Live Line Clearance Evaluation Transient Study

By: Tom Grebe, Principal Consultant
tgrebe@enernex.com
865-218-4600 x6176

 

 

Power system apparatus, such as transformers, switchgear, and cables may be exposed to various types of transients. High-frequency transients and very steep overvoltages may cause problems for electrical equipment because they can cause local overstressing of the insulation system. Utility transmission line circuit breaker opening-and-closing operations are an important potential source of these high rate-of-rise transients.

A high-frequency transient analysis study was completed for a utility that is evaluating the latest changes to the industry-accepted transient overvoltage (T Factor) recommendations for performing maintenance work on energized transmission lines. IEEE Std. 516 (Guide for Maintenance Methods on Energized Power Lines), IEEE Std. 1427 (Guide for Recommended Electrical Clearances and Insulation Levels in Air-Insulated Electrical Power Substations), the National Electric Safety Code (NESC), and OSHA Standards allow reduced minimum safety clearances for live line work when engineering studies of the switching transients have been performed.

The study included an analysis of overvoltages and arrester energy duties during various transmission line energizing operations, including the effects of MOV surge arresters and circuit breaker closing resistors. The study investigated energizing 230kV, 138kV, and 115kV transmission lines of varying lengths with the goal of determining the statistical switching surge overvoltages required for a review of electrical live line clearances. The transient analysis for the study was completed using the EMTP-RV simulation program.

Energizing and reclosing transients for transmission lines are often a combination of line energizing, transformer inrush, and load inrush. Line energizing transient overvoltages typically decay to negligible values in about ½ cycle and they generally do not pose significant problems for customer equipment. Transients generated by energizing overhead lines are characterized by high frequencies because of the small effective shunt capacitance of these circuits. These high frequency surges are quickly attenuated by the transmission line resistance and circuit loads.  Longer circuits have higher capacitance values and can look similar to capacitor banks when they are energized.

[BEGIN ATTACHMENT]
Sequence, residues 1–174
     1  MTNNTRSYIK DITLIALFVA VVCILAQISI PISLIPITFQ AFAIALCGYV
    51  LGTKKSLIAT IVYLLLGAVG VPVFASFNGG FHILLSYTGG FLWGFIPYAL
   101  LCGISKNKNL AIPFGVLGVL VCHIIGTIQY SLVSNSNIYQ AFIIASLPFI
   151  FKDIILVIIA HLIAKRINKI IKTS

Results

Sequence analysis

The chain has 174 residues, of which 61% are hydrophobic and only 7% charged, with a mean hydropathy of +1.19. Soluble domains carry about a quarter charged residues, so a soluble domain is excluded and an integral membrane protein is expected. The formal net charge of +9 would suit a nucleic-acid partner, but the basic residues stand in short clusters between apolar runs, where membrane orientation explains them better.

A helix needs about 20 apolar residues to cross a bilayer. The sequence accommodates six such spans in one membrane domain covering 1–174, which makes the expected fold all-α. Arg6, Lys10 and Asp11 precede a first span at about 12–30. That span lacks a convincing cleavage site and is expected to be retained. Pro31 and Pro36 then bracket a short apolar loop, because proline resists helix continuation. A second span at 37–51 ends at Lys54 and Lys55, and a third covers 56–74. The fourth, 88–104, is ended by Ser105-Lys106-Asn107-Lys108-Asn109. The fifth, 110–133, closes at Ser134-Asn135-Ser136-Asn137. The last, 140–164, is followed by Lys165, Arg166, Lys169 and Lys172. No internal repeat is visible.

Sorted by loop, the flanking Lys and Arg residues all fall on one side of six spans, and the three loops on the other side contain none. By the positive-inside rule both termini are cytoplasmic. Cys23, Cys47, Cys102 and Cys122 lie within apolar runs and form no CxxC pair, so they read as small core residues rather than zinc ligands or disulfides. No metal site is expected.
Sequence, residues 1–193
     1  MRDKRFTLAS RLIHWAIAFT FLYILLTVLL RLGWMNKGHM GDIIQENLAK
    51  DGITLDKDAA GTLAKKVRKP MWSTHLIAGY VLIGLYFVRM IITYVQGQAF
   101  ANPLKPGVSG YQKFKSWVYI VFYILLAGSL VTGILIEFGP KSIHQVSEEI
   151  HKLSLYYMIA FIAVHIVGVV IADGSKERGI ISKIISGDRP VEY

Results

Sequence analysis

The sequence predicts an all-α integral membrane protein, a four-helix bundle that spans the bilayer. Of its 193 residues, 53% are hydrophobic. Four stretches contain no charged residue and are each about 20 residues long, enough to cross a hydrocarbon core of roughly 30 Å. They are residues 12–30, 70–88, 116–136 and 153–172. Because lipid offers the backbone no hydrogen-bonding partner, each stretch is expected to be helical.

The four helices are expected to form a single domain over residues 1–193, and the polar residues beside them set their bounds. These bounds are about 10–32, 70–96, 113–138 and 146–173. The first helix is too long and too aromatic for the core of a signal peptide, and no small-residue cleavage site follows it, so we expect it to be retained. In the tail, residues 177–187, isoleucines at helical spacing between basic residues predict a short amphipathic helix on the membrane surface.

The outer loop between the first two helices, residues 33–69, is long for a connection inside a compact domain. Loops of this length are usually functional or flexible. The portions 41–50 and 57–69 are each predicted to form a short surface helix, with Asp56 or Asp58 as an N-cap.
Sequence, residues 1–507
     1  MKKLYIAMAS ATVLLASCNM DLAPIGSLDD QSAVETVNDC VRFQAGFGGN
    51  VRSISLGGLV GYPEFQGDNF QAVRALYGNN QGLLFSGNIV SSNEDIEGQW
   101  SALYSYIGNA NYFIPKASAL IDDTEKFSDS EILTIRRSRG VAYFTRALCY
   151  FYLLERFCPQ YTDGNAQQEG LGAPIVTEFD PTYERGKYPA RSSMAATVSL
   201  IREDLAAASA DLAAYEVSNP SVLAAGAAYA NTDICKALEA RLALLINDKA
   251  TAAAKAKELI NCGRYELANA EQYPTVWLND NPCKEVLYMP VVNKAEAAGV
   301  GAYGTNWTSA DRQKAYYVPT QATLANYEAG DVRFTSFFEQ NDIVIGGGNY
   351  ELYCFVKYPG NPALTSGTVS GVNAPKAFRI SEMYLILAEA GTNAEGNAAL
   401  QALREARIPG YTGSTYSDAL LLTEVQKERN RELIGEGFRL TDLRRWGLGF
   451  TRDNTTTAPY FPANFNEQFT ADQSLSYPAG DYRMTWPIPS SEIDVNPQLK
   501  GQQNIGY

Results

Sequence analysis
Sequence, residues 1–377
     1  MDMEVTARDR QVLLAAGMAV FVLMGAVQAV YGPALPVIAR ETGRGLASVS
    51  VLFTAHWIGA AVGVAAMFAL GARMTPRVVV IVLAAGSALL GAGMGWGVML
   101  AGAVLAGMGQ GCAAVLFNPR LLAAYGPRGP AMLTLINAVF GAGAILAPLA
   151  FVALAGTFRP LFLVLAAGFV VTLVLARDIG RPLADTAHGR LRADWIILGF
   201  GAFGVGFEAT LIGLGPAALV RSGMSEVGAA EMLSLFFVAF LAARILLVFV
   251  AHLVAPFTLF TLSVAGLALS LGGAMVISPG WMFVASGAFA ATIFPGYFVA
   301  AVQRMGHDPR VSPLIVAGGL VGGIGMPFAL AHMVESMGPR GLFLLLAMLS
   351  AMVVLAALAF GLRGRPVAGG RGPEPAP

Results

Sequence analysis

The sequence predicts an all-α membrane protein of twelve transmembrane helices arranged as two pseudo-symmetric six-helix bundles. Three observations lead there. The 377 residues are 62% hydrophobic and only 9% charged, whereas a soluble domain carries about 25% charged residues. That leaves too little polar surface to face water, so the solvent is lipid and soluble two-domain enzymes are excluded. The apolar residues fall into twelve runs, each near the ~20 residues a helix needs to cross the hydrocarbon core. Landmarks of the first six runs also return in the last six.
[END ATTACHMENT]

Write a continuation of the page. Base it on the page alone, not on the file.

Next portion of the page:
High-frequency transient simulation models of the required substations and adjacent power system equipment were created. The transient simulation models consisted of equivalent sources and transfer impedances, π-section and traveling wave transmission line models, substation transformers, shunt capacitor banks, MOV surge arresters, and the appropriate circuit breaker and substation load characteristics.

The transient simulation cases involved statistical energization of a number of 230kV, 138kV, and 115kV transmission lines with the circuit breakers at the remote ends of the transmission lines open, resulting in radial transmission line energizing (refer to Figure 1). The statistical switching included 200 random circuit breaker closing operations over a one-cycle pole span. The transient models also included minimal load levels, so it can be assumed that the worst-case transients were simulated during the line energizing cases. Important study results included finding the minimum, mean, maximum and standard deviation transmission line energizing transient overvoltages, as well as the highest “98% Level” (CP98) values at the open ends of each line termination for each line energizing case.

The Power System Engineering group at EnerNex has extensive expertise performing power system studies investigating the high-frequency transients associated with transmission line circuit breaker operations. These studies often require use of sophisticated digital simulation tools (e.g., EMTP-RV, PSCAD). Computer simulations provide a convenient means to characterize transient phenomena, determine resulting problems, and evaluate possible mitigation alternatives.

 

 

 

 

 

 

 

 

 

 

Figure 1 – Radial Transmission Line Energizing Transient Voltage Waveform